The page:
Malawi’s risk of external debt distress is moderate. However, its domestic debt has been growing at an unsustainably rapid speed over the last two years. This was mainly driven by two consecutive years of elevated budget deficits.
Debt is not necessarily a bad thing. Just like a person or a company, countries also need to borrow money to invest in their future; and, more dynamically a growing country can borrow more and on more favourable terms which can set in a virtuous circle between investment and finance.
Malawi’s problem is that debt is rising to finance consumption more than investment, and the value for money remains poor for those money that are funneled to investment. Without a fix, this set-up can trigger a vicious circle where debt financing triggers more strained debt servicing capacity, and diminishing appetite by the lenders.
What is the remedy to the above challenges?
The problem cannot be fixed without fiscal consolidation. While the consolidation should be done from both the expenditure and revenue sides, the emphasis should overtime shift to revenue sides, because revenue mobilisation is the only way to keep investing in public infrastructure and human capital while fending off a debt spiral.
As the same time, Malawi needs to significantly improve the efficiency of public investment. For that we need to upgrade the public finance management reform—away from the most basic layers of control (e.g., financial reporting and commitment control) to more sophisticated and complex ones (e.g., a single pipeline of scrutinized projects, and ex-post reviews of key projects).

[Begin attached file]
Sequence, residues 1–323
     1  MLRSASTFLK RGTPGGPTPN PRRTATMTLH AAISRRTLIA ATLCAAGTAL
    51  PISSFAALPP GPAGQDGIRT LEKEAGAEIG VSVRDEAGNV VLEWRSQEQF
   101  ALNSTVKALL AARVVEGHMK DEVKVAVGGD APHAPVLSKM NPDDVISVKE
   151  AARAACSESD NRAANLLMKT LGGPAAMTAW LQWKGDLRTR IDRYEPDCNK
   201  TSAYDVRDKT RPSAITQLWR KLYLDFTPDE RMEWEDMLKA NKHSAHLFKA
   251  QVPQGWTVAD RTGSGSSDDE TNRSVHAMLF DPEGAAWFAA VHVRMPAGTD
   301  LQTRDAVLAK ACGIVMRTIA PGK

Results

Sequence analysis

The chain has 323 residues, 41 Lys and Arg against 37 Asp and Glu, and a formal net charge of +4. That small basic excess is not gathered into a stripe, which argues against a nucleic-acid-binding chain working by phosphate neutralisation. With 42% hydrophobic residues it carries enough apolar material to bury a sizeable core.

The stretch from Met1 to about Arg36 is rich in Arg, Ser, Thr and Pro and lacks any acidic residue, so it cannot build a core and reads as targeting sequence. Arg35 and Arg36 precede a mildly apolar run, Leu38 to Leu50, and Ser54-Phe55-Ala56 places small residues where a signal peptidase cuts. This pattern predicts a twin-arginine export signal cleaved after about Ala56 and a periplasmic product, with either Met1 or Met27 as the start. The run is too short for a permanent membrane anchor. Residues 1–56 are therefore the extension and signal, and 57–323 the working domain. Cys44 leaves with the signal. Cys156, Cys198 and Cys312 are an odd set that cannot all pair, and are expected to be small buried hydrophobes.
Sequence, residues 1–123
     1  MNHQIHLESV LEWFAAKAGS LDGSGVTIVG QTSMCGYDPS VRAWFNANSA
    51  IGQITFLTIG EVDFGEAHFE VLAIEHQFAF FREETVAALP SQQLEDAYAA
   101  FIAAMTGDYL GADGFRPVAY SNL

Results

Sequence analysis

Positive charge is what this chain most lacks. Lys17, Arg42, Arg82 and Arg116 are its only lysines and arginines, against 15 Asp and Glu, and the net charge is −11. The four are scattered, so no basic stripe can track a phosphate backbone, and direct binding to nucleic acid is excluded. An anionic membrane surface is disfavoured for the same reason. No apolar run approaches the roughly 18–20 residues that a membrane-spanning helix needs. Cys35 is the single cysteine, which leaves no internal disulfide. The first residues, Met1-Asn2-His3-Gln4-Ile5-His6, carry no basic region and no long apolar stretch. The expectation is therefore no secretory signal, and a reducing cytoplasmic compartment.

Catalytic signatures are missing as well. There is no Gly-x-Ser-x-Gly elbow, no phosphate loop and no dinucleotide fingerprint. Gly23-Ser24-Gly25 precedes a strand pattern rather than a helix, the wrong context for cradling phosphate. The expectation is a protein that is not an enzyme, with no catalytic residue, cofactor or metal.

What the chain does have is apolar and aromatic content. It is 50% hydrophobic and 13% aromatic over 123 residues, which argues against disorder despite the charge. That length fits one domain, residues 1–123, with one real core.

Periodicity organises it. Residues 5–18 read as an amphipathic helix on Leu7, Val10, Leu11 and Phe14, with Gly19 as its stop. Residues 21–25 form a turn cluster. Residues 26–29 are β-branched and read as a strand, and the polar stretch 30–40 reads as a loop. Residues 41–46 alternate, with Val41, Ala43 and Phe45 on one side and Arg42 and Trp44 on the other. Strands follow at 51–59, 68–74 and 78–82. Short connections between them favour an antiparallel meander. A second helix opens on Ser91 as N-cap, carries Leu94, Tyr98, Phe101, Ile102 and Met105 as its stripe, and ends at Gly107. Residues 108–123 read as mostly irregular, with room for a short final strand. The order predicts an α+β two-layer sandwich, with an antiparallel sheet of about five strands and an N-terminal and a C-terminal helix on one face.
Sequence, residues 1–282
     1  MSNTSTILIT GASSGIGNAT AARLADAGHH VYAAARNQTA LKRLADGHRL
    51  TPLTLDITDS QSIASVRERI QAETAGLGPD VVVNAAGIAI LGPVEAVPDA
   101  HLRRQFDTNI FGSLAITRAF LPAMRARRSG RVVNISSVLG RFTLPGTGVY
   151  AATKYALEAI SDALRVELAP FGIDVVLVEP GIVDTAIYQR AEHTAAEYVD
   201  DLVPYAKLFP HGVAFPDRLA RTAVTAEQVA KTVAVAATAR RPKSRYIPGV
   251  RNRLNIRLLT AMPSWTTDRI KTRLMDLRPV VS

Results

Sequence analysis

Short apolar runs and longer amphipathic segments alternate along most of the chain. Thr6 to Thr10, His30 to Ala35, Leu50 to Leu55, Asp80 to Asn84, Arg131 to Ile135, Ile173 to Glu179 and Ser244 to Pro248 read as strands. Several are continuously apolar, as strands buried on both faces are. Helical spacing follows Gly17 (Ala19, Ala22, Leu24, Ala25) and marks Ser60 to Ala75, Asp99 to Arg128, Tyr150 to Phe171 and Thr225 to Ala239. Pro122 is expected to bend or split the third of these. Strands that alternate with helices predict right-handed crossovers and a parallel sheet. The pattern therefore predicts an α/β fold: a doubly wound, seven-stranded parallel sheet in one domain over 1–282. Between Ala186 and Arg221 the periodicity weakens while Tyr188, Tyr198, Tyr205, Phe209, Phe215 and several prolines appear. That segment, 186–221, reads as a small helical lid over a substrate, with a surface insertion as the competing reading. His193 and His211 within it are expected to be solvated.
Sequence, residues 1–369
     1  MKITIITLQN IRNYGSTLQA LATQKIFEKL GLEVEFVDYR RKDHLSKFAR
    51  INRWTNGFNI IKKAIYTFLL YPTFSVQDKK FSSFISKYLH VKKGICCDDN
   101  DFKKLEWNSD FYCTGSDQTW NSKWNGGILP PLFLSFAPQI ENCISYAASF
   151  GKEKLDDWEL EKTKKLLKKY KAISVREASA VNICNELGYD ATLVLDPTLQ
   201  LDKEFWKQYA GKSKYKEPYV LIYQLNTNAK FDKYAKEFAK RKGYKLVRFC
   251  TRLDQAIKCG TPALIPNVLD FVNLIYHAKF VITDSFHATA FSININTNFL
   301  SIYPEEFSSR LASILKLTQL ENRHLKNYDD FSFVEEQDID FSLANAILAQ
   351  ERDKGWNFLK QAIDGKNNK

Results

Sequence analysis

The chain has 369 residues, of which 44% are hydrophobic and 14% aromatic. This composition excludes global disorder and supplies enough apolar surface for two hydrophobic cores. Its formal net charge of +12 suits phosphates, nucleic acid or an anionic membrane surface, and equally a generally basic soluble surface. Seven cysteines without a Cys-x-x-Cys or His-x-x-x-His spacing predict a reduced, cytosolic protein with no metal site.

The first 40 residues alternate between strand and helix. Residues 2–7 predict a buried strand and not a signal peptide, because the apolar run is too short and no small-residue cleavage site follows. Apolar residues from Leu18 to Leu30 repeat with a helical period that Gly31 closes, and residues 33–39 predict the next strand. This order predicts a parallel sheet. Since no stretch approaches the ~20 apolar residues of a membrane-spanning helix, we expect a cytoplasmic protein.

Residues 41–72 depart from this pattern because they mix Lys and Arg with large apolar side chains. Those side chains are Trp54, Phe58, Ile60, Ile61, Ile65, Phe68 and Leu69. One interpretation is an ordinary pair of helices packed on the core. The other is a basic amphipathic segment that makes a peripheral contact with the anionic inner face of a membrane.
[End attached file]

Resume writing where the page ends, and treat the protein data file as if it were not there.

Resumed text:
Going forward, we are projecting Malawi’s debt-to-GDP ratio to decrease by about 10 percentage point of GDP within the next seven to eight years, provided that the programmed path of fiscal consolidation is adhered to.
What suggestions can you provide for the Malawi economy to move forward?
We just need to stay the course of fiscal consolidation. And then, we should shift our focus increasing on investing the public money wisely. In the medium term, we are projecting economic growth to rise to 6.5 percent. That will depend critically on whether Malawi can lock in macroeconomic stability—thereby winning back investor confidence to unlock private sector growth potential.
If that happens, growth will naturally come given Malawi’s low base of economic development and the scarcity of private capital that promises good returns. Make sure that we don’t backslide on reforms, particularly ones on economic governance. The authorities managed to significantly strengthen fiscal control, to ward off the likes of Cashgate, but these gains can only be sustained if there is a political will and capacity to sustain it. Powerful tools are already there. And Malawian should decide whether to use these tools well or rest them in an abandoned shack.
What next for you?
I and my wife are heading back to Washington. After a short break, I will start working on a large African country from Washington DC. We hope to come back to the field before my retirement because we enjoyed our tour of mission to Malawi so much.
I had the privilege of meeting and making friends with so many amazing people. My wife and I had a privilege of bringing boreholes to two villages (one on our own, and the other on our parents’ behalf) and had an opportunity to meet and encourage so many young volunteers. We also had the pleasure of singing intensively in the choir and share music, at times, with the local Malawians. I love Malawi and will never forget it.